This week, I provide a White adoptive mom of two Black children with some pointers in Making Black friends.
I read both your columns about “Moving for Diversity’s” sake, which were very well and good, but I wish you had offered more practical advice for families like mine. My husband and I are both White and we actually did move for “diversity’s sake” before adopting our two children. They are both Black, biological siblings who came to us first through foster care. As soon as it became clear that we would be able to adopt them, we made plans to move to our current town, which is known for being diverse.
There are many African American families here, as well as adoptive families. Our children have had no trouble making Black friends at school, but we are at a loss for how to integrate with the Black community ourselves. Our friends here are White, as are our neighbors unfortunately. We don’t want to give our kids the sense that we are not open to having Black social connections, but we don’t know how to just go out and make Black friends. We have made several weak and somewhat humiliating attempts, but really feel clueless.
What do you suggest?
Embarrassed in Springfield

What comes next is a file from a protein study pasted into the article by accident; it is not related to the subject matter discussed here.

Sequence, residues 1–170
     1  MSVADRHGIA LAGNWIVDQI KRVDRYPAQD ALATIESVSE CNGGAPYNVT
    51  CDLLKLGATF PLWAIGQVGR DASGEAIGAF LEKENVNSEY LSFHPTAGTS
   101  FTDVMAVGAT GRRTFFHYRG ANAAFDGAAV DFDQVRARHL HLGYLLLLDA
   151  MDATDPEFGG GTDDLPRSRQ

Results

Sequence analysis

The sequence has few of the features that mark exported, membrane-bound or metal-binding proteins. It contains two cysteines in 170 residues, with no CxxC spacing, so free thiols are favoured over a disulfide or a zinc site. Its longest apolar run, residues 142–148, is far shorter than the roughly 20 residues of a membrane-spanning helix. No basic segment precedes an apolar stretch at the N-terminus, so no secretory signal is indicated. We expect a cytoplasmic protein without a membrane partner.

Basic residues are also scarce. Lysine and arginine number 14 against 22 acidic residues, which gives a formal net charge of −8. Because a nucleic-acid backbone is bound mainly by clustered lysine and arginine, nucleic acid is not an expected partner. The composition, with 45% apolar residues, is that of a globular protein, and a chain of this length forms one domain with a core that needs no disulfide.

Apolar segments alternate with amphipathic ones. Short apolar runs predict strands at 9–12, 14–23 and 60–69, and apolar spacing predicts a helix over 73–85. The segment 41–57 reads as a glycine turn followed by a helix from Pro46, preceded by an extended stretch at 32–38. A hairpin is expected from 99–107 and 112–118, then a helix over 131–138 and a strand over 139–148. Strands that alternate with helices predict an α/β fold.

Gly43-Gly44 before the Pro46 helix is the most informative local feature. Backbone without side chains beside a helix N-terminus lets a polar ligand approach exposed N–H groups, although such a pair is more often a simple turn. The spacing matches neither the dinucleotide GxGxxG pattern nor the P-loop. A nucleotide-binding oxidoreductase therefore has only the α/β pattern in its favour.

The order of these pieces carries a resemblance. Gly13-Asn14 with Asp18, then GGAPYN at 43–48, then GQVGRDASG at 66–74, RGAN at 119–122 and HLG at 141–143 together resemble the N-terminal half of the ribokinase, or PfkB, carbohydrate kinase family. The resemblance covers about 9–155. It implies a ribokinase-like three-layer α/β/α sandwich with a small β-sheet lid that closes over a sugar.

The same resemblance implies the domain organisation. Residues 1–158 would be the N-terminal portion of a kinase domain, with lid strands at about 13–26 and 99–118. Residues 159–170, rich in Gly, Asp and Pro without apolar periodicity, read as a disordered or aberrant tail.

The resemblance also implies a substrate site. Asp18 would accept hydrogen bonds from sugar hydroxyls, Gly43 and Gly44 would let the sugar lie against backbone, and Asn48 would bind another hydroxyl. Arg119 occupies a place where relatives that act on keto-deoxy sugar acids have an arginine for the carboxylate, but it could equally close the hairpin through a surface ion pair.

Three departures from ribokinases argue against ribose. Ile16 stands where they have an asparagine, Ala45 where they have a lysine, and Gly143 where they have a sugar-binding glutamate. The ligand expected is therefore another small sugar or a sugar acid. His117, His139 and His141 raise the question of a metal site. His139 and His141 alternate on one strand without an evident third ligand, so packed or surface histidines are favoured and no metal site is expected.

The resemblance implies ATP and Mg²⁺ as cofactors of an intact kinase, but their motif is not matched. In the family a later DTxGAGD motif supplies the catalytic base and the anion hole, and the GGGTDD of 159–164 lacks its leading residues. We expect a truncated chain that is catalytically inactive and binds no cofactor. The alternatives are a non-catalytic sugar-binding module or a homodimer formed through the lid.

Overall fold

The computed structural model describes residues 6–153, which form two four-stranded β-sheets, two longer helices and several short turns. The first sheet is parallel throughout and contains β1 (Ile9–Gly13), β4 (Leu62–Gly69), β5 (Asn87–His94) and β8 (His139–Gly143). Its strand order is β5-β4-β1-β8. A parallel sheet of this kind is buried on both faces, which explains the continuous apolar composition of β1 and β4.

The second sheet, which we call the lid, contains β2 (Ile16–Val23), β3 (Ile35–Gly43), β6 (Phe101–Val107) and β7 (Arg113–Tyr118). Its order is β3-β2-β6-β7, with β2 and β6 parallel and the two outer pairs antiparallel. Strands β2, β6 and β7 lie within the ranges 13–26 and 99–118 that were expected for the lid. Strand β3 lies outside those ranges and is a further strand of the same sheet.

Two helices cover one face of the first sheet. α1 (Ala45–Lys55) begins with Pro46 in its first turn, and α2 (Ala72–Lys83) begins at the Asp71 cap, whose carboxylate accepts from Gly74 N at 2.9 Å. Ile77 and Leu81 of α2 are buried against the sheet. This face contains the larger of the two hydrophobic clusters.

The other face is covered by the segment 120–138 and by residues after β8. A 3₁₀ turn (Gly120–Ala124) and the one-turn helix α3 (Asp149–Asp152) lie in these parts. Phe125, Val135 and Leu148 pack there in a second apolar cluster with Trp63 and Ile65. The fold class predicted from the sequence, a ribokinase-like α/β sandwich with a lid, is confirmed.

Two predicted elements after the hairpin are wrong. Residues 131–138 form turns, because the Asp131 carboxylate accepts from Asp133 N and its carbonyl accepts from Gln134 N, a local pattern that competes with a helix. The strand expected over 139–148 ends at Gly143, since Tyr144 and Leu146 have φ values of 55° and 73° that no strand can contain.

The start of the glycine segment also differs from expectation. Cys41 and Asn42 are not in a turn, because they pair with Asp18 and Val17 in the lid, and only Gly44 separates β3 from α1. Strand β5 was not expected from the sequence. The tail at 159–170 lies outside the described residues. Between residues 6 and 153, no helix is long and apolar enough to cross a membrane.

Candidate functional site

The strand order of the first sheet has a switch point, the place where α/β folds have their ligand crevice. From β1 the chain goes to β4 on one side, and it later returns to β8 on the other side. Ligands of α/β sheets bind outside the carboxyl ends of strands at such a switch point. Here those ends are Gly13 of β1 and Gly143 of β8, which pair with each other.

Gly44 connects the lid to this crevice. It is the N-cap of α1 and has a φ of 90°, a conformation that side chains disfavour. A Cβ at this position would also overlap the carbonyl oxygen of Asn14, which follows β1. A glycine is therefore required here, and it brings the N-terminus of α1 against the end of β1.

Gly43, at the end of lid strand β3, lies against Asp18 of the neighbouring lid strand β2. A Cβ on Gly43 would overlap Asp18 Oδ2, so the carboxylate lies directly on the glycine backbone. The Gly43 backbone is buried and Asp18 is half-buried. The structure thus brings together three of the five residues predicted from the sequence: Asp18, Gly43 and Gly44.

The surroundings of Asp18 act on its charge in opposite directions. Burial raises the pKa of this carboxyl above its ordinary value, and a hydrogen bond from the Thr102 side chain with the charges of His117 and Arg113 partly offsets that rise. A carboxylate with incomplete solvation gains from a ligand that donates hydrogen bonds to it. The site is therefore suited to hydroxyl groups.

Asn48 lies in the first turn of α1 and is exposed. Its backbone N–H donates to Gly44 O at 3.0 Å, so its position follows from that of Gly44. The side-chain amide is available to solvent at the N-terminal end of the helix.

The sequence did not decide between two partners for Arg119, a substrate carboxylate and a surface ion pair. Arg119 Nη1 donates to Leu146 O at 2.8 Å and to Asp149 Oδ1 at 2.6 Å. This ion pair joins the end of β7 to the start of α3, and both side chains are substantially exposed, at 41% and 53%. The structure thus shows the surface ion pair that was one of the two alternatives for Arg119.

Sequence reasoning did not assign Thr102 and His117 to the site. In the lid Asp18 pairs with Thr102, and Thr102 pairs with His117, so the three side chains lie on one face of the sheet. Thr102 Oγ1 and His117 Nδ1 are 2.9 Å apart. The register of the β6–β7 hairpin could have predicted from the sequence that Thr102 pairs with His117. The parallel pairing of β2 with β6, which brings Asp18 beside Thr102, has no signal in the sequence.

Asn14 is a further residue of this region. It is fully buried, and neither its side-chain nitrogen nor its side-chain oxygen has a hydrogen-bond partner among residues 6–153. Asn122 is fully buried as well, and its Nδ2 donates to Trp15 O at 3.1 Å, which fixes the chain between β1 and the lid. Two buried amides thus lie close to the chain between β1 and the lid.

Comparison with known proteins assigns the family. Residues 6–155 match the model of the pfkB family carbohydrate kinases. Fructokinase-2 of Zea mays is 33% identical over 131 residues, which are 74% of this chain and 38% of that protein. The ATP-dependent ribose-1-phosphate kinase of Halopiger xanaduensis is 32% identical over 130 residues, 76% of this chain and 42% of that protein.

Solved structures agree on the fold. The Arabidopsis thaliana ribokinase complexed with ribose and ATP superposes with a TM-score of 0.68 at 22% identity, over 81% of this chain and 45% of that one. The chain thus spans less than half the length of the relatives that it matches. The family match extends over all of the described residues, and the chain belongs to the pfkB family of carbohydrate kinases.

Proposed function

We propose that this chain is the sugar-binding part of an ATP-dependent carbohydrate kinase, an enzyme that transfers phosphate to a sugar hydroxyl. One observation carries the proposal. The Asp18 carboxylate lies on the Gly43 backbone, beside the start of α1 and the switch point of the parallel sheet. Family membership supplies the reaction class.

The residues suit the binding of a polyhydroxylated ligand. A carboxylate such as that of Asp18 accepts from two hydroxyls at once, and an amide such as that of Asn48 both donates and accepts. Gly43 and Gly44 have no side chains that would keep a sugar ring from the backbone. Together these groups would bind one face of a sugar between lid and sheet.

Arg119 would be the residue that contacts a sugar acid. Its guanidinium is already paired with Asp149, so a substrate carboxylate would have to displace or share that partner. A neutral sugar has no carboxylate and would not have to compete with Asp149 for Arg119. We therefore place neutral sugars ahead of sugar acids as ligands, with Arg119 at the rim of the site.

This is a great question. How do you go about making Black friends just for your child’s sake? You can’t just approach someone on the street and say: “Hey—you’re Black and I’ve adopted a Black baby. Let’s be friends!” But you wouldn’t do that with a White person either. Let’s face it: Making friends—of any race—always feels contrived unless it’s organic. You befriend people you meet because you have something in common, which leads to the flow of conversation, easy laughter and ultimately, hopefully, friendship.
For example, parents meet and connect with one another at a playground, pushing their kids on swings—or while waiting outside school at pickup time. You and another mom have children the same age who might want to play together. If you’re lucky, she might invite you and your child over some time. While the children are playing, you and the other mother chat about your kids (who brought you together in the first place). Then you might discuss your other family members, your jobs. And, since you’re sitting in her kitchen, you can say, “Hey—what a great vase! Where’d you get it?” And perhaps the other mother will tell you a story about acquiring such a treasure. In turn, you can share a story from your life, and voila! A friendship can bloom. Or not. But at least you’ve taken steps. From this first encounter, there can be more.
Notice something about this mini vignette? I didn’t mention race once. That’s because the rules for making friends are the same in every hue, every culture.
Of course, we are all more likely to strike up conversations with strangers who appear to be like us than with those who appear different. I have been to many, many playgrounds with my children, so I’m familiar with the dynamics. White moms tend to approach other White moms. Black moms approach Black moms. As for moms of Multiracial and transracially adopted kids, however—they tend to talk to everyone, regardless of race. (Of course, all this goes for dads too.) Sure, if there are other Multiracial families in the playground, they might seek one another out. But generally, parents of Multiracial families will talk to anyone. That can be you.